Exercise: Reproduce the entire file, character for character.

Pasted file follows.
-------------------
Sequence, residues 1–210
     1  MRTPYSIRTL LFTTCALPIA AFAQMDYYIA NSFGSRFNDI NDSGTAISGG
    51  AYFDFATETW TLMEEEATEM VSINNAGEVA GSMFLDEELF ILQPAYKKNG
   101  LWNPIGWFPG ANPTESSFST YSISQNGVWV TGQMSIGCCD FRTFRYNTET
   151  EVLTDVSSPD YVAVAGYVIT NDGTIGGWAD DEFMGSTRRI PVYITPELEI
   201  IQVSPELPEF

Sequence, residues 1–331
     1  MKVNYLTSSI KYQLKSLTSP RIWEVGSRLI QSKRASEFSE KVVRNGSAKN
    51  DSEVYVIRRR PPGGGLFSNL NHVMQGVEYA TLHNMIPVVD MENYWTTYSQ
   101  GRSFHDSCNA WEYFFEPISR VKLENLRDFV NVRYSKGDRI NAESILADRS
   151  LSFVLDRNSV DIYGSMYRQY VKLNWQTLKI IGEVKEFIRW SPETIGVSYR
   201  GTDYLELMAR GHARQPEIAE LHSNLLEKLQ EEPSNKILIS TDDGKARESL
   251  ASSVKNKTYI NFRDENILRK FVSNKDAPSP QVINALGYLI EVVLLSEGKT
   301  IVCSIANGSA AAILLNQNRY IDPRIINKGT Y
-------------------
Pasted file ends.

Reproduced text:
Sequence, residues 1–210
     1  MRTPYSIRTL LFTTCALPIA AFAQMDYYIA NSFGSRFNDI NDSGTAISGG
    51  AYFDFATETW TLMEEEATEM VSINNAGEVA GSMFLDEELF ILQPAYKKNG
   101  LWNPIGWFPG ANPTESSFST YSISQNGVWV TGQMSIGCCD FRTFRYNTET
   151  EVLTDVSSPD YVAVAGYVIT NDGTIGGWAD DEFMGSTRRI PVYITPELEI
   201  IQVSPELPEF

Sequence, residues 1–331
     1  MKVNYLTSSI KYQLKSLTSP RIWEVGSRLI QSKRASEFSE KVVRNGSAKN
    51  DSEVYVIRRR PPGGGLFSNL NHVMQGVEYA TLHNMIPVVD MENYWTTYSQ
   101  GRSFHDSCNA WEYFFEPISR VKLENLRDFV NVRYSKGDRI NAESILADRS
   151  LSFVLDRNSV DIYGSMYRQY VKLNWQTLKI IGEVKEFIRW SPETIGVSYR
   201  GTDYLELMAR GHARQPEIAE LHSNLLEKLQ EEPSNKILIS TDDGKARESL
   251  ASSVKNKTYI NFRDENILRK FVSNKDAPSP QVINALGYLI EVVLLSEGKT
   301  IVCSIANGSA AAILLNQNRY IDPRIINKGT Y